Should All States Require Insurance Companies to Turn Claims Files Over to Policyholders?

Property insurance companies are required to turn over claims materials to policyholders in California. Why shouldn’t all states have this requirement?

Within 15 days of a request, these documents must be turned over in California:

All documents that relate to the evaluation of damages, including, but not limited to, repair and replacement estimates and bids, appraisals, scopes of loss, drawings, plans, reports, third-party findings on the amount of loss, covered damages, and cost of repairs, and all other valuation, measurement, and loss adjustment calculations of the amount of loss, covered damage, and cost of repairs.1

A California Department of Insurance memo indicates the reason for the law and the exception to documents that have to be turned over:

The intent behind the requirement that insurers provide claim-related documents is to allow claimants to understand (and potentially contest) the basis for an insurer’s claim valuation. Insurers should determine whether a particular document is a claim-related document with this intent in mind.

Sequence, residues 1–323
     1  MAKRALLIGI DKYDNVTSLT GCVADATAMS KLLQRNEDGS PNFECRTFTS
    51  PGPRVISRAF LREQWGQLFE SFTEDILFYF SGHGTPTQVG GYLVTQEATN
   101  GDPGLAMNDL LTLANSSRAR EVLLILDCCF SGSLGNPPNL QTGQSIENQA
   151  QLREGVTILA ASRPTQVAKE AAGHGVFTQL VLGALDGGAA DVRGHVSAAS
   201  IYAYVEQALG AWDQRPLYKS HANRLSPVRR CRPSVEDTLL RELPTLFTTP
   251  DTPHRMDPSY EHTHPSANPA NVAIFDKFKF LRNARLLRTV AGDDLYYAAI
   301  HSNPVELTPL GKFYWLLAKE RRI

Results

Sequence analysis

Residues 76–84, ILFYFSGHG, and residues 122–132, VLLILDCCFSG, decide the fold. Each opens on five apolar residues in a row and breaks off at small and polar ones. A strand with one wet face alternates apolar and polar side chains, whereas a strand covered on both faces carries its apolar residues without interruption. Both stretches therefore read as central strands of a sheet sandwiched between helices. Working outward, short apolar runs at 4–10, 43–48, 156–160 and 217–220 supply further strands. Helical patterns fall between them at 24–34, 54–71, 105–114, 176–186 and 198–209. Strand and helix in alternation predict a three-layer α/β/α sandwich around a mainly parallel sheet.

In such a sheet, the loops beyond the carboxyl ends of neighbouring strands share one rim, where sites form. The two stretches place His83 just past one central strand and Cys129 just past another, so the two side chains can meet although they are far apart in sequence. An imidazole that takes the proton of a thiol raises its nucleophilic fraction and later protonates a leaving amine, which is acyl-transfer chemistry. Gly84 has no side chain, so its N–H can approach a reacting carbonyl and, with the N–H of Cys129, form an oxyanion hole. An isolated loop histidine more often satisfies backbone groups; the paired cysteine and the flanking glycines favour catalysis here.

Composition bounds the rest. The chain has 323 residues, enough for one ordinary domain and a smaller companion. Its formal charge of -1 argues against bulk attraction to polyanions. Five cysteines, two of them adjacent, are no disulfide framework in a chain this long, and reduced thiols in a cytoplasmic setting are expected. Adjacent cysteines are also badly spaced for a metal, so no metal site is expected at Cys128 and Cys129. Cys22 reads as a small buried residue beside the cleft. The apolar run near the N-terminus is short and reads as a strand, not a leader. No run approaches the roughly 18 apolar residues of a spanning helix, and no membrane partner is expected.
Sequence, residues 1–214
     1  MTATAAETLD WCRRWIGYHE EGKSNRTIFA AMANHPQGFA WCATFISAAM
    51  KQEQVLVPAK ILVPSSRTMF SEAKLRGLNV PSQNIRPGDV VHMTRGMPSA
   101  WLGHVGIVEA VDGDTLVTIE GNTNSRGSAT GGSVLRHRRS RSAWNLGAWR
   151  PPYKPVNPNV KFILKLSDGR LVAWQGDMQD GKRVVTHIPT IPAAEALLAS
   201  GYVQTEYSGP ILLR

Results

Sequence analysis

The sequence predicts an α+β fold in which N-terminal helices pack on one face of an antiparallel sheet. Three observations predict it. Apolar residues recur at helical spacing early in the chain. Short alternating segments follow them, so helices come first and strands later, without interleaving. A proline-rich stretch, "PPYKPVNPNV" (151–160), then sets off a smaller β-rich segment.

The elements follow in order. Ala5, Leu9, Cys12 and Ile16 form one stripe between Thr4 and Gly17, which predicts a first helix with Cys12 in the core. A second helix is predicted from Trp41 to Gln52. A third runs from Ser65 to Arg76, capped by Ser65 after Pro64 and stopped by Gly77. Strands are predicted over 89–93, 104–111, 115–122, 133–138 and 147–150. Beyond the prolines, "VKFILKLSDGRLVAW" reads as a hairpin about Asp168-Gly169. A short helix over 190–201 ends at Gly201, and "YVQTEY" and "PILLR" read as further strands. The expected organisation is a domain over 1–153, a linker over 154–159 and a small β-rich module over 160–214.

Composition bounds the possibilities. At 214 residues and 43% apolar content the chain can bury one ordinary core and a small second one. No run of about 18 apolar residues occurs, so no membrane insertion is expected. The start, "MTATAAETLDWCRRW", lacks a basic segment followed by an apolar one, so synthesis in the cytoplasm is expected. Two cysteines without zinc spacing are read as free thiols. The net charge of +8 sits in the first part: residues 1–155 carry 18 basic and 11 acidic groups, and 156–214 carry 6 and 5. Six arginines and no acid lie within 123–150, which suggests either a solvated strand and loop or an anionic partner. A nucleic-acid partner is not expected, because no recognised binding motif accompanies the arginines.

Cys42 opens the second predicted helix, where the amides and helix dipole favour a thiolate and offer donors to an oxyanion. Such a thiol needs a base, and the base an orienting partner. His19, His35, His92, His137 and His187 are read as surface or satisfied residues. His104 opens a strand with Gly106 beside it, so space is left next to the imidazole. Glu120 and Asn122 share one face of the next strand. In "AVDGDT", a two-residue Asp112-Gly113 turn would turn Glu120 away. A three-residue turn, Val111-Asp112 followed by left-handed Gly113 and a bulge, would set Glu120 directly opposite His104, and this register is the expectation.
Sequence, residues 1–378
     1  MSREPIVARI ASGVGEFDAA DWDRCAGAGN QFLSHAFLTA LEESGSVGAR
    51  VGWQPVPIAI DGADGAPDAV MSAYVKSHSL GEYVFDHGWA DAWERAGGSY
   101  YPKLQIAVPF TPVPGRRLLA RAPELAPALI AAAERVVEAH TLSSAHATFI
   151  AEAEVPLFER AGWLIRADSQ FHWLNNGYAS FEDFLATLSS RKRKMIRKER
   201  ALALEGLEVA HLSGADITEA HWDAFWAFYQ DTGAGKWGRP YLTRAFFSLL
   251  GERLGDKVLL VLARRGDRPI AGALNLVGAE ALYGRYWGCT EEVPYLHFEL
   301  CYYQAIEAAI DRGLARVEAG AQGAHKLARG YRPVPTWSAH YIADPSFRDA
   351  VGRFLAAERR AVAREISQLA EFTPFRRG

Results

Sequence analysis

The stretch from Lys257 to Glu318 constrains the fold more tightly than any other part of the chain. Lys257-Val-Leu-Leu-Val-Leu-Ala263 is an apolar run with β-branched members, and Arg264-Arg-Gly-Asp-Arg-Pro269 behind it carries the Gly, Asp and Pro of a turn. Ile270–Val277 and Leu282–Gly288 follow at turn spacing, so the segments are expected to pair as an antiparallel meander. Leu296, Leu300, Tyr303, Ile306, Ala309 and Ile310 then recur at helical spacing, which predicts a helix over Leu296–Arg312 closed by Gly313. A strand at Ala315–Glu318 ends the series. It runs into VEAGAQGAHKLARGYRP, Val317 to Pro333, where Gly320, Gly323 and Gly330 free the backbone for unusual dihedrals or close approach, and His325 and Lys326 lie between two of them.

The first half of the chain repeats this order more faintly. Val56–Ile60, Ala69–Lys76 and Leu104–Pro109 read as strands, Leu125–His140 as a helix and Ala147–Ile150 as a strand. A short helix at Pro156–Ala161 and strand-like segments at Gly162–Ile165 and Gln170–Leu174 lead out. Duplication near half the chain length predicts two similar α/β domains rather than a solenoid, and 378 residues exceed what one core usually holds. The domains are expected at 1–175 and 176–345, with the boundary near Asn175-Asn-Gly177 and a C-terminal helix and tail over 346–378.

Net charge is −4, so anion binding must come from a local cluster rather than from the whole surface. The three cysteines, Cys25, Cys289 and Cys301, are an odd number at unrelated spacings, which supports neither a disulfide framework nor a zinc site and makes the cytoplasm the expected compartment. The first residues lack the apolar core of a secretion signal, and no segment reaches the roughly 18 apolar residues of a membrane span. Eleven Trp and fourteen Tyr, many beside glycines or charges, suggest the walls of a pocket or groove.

The standard form language in section 2071 exempts from the duty to provide claim-related documents ‘[a]ttorney work product and attorney-client privileged documents, and documents that indicate fraud by the insured or that contain medically privileged information.’

In terms of transparency, this is a very good law. I am surprised that it is not required in more states.

Thought For The Day

A lack of transparency results in distrust and a deep sense of insecurity.
—Dalai Lama
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1 Cal. Ins. Code § 2071.
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